U. S. Killed Civilians as "Policy" In Korean War

June 6, 2006

A recently uncovered document reveals that U.S. official policy during the Korean war (1950-53) was to murder civilian refugees.

On May 30, the AP reported that the document - a letter from the U.S. ambassador to Seoul - stated that U.S. policy ordered soldiers to shoot at civilians approaching them.

"If refugees do appear from north of U.S. lines they will receive warning shots, and if they then persist in advancing they will be shot," wrote Ambassador John J. Muccio, in his message to Assistant Secretary of State Dean Rusk in 1950.

According to the letter, this decision was made at a high-level meeting in South Korea on July 25, 1950, the night before soldiers from the 7th U. S. Cavalry Regiment shot hundreds of refugees at No Gun Ri. Korean eyewitnesses to this massacre have stated that about 400, mostly women and children, were killed at the village 100 miles southeast of Seoul. Hundreds more refugees were killed in later, similar episodes, according to testimony by survivors.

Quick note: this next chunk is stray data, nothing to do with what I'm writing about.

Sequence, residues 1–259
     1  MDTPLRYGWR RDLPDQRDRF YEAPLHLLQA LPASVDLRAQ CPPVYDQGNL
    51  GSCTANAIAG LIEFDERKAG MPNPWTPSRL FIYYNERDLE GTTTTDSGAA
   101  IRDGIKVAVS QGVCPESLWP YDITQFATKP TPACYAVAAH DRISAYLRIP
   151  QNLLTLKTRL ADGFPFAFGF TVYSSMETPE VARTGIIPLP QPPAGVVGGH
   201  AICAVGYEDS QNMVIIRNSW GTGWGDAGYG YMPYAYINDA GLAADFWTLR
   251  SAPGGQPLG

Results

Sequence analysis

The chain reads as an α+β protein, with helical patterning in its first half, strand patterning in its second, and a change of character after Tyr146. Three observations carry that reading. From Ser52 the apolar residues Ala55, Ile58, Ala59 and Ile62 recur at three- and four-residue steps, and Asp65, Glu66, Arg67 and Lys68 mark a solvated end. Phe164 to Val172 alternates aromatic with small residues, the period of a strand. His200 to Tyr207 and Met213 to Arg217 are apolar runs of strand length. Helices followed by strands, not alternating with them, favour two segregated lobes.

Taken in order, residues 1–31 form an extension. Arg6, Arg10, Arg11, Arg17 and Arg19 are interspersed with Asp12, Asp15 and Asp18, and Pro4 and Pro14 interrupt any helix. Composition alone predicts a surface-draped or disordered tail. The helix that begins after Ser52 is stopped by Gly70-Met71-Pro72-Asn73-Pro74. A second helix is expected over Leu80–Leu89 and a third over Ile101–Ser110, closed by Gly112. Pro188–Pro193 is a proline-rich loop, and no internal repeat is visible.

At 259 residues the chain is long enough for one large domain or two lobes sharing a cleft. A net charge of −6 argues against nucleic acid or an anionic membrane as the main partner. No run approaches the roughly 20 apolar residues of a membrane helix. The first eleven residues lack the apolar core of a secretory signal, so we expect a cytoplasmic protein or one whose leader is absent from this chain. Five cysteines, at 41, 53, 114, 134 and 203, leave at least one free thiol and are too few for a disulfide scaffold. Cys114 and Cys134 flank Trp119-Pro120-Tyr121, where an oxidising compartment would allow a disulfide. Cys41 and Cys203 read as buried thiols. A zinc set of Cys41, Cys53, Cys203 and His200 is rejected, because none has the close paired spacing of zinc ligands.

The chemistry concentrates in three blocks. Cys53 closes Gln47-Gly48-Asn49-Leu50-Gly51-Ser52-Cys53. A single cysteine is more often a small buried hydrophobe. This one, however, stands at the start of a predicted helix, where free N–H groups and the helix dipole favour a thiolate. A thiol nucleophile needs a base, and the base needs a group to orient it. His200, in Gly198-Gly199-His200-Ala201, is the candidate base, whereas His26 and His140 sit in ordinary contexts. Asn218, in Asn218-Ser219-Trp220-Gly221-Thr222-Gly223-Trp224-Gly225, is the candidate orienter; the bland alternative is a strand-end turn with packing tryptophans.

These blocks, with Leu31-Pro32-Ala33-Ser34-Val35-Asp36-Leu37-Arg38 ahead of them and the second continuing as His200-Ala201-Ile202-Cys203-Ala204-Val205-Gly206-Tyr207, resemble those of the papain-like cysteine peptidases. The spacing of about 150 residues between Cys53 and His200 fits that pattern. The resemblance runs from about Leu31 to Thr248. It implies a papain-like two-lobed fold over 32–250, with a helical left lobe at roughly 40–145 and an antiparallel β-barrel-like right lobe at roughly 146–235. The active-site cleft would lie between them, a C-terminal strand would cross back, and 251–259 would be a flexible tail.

Previous Pentagon "investigations" into the No Gun Ri massacre and similar incidents had claimed that the killings were not deliberate, but an "unfortunate tragedy" carried out by soldiers who acted without orders.

In a 1998 interview, the late Army Col. Robert M. Carroll, a lieutenant at No Gun Ri, said that he remembered the order radioed across the warfront on July 26 to stop refugees from crossing battle lines. "What do you do when you're told nobody comes through? We had to shoot them to hold them back." Many other soldier witnesses verified the radio orders to open fire at No Gun Ri.

Since then, research by the Associated Press uncovered nearly 20 other declassified U.S. military documents showing commanders ordered or authorized such killings in 1950-51.

In a statement issued on May 29, a No Gun Ri survivors group called that incident "a clear war crime," and demanded an apology and compensation from the U.S. government.